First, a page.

At Sisense, Women Find Their Voices And Shape The Organization

Three women discuss how the analytics company has empowered them to share their voices, find community and climb the career ladder.

Written by Olivia McClure
Published on Jul. 26, 2023
At Sisense, Women Find Their Voices And Shape The Organization
Brand Studio Logo


It’s one of the biggest barriers to achieving professional success, especially for women in the tech industry. 

Just ask Sheila Oh. “If you allow yourself to be quiet in the background, no one will know your point of view or who you are,” she said. “Don’t ask for permission to lead. Empower yourself. One of my mentors once gave me the best advice: Act like the leader you want to be. Don’t wait to be tapped on the shoulder. Think about the impact you want to have, and drive it.”

Oh spent more than a decade of her career finding her voice in a high-tech industry, learning how to lead through influence and advocate her thought leadership in a male-dominated industry. And as a senior product marketing manager at Sisense, she has the chance to keep growing while prioritizing the duties that come with being the mother of two young twin boys. 

“What I think is unique about Sisense is its culture of support,” Oh said. 

With this flexibility, she feels comfortable stepping away from her computer to take care of personal matters, such as caring for a sick child at home. It’s an environment that Oh believes supports not just women, but everyone who works at the company. 

While it’s important for women to have the flexibility to juggle both personal and professional responsibilities, it’s equally important for them to have a space to support each other. Director of Global D&I and Experience Susanna Tharakan said Sisense’s employee resource groups, particularly #WomenAtSisense, offers women the opportunity to share their experiences and gain their peers’ perspectives. 

“Having a safe space to discuss issues women commonly experience and having that support system at work can drastically improve one’s sense of belonging and overall engagement in the company,” Tharakan said. 

Up from 30 percent last year, women now represent 60 percent of the leadership team at Sisense. With this kind of representation and support, women have plenty of resources and outlets to help them thrive professionally. But what happens when they sign off from work?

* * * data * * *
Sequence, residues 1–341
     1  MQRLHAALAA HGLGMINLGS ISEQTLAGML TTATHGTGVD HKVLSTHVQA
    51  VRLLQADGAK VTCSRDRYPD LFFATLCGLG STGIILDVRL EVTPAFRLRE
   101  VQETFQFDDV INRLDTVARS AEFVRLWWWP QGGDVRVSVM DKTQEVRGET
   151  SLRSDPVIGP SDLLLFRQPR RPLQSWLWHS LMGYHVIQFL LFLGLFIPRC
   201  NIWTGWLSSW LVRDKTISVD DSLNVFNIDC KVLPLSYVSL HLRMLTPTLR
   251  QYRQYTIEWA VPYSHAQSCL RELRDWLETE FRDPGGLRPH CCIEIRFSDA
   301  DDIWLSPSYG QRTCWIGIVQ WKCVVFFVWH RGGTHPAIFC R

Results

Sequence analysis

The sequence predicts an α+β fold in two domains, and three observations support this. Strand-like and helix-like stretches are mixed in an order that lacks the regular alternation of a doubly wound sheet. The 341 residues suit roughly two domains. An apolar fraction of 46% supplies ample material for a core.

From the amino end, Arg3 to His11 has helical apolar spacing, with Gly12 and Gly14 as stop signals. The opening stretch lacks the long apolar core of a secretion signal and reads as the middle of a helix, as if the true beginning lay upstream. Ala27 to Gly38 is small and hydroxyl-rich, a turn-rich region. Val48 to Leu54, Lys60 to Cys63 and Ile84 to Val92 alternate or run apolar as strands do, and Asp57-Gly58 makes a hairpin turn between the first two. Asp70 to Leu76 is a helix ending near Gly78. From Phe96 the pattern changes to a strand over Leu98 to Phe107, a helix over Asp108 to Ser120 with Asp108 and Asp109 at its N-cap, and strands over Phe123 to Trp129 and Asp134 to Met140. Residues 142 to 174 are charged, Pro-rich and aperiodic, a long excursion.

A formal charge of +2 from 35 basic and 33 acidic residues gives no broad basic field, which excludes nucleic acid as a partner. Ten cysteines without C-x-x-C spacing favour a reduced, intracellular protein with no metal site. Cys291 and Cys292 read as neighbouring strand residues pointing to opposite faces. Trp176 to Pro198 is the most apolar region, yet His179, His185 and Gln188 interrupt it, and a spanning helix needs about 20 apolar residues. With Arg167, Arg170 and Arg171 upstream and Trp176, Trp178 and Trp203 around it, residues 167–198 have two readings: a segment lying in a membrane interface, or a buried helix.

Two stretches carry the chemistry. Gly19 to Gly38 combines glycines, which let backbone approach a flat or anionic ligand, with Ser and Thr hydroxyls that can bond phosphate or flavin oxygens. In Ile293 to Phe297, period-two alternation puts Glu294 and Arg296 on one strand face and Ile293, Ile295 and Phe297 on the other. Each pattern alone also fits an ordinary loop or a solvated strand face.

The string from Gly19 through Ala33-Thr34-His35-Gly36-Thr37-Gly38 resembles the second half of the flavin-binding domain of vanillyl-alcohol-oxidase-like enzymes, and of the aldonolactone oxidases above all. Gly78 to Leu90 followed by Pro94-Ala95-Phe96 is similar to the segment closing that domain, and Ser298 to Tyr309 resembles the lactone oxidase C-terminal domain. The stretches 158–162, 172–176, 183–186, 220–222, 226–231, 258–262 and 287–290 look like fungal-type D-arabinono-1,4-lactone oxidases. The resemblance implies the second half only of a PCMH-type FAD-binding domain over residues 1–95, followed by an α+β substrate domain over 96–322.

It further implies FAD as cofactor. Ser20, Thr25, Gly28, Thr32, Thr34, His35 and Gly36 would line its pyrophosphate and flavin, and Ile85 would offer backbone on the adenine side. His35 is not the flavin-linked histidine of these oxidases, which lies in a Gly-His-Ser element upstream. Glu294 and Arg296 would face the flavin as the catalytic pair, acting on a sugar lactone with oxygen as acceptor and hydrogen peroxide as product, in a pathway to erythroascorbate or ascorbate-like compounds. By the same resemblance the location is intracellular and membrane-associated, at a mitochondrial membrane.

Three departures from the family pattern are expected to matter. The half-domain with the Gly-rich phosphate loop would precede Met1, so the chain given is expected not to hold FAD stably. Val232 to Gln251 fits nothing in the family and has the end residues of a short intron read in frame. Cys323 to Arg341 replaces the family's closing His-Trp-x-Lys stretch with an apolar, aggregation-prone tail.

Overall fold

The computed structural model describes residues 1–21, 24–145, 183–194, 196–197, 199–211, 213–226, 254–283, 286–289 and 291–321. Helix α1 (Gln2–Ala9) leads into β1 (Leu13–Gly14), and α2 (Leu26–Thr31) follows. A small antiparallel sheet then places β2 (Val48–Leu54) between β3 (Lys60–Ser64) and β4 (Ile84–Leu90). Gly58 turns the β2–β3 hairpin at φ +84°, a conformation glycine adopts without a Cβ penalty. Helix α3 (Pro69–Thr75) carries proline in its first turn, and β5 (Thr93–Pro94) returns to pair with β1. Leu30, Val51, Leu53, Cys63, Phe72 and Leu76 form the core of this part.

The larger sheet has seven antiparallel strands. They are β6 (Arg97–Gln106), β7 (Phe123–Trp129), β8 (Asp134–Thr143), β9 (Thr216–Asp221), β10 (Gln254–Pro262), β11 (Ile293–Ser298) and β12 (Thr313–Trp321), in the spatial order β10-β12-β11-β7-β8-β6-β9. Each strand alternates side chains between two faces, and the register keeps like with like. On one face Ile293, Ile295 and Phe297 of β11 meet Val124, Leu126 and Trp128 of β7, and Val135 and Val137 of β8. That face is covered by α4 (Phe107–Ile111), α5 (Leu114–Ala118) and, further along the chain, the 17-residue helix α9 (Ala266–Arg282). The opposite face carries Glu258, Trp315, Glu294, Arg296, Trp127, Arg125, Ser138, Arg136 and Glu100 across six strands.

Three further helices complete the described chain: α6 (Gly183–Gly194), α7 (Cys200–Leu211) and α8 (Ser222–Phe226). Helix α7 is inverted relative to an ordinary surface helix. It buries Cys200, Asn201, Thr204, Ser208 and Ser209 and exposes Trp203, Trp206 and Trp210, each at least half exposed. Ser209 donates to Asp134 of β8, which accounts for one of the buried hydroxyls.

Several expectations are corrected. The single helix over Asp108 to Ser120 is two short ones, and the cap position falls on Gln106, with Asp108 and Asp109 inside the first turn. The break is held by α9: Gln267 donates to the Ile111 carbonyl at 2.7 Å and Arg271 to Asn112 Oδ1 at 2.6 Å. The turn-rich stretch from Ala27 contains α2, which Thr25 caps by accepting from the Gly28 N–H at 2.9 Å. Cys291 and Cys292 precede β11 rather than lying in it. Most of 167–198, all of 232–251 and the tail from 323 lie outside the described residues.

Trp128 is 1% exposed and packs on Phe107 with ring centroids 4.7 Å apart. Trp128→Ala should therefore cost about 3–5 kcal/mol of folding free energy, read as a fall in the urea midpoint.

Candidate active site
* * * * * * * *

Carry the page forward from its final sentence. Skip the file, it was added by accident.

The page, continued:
According to Senior People Partner Leighton Martin, the support is still there, taking the form of a thoughtful benefits package that includes women-centric perks, such as fertility treatment support under some medical plans. 

All of these efforts — from a focus on work-life balance to benefits that support women’s needs — foster a workplace in which women, such as Martin, can grow in ways that impact both themselves and the organization as a whole. 

“I’ve felt enabled, empowered and equipped to own employee groups and autonomously make decisions that are best for the business and align with broader organizational goals, which has helped me advance in my short time here at Sisense,” Martin said.  



Sisense’s AI-powered cloud platform enables companies to embed analytics into any application or workflow to make critical business decisions. The company’s technology is used by organizations spanning a wide range of industries, including life sciences, financial services and retail.


Photo of a band playing at Sisense’s office



Breaking the Silence

Tharakan knows how intimidating it feels to be the only woman and person of color in a room. She has also seen firsthand how powerful it can be to be encouraged by women leaders. 

“My female managers always did what they could to elevate me and my work to senior leaders and create a space that made me feel safe to speak up,” Tharakan said. 

Realizing the impact of this encouragement, she strives to pay it forward through the work she does as a D&I director. By consistently garnering feedback from employees, Tharakan aims to establish ERGs — she’s helped create two new ERGs while fostering growth of four others on a global scale — that reflect what team members wish to see in the workplace. 

“I often use the feedback I hear from my ERG leaders and members on how I can better create programs that would be both resourceful and of interest to them,” she said. 

Even Tharakan herself has benefited from the company’s ERGs. Her involvement in #WomenAtSisense has left a lasting impression on her, as she has seen the group successfully foster gender equality by emphasizing community, networking and leadership development.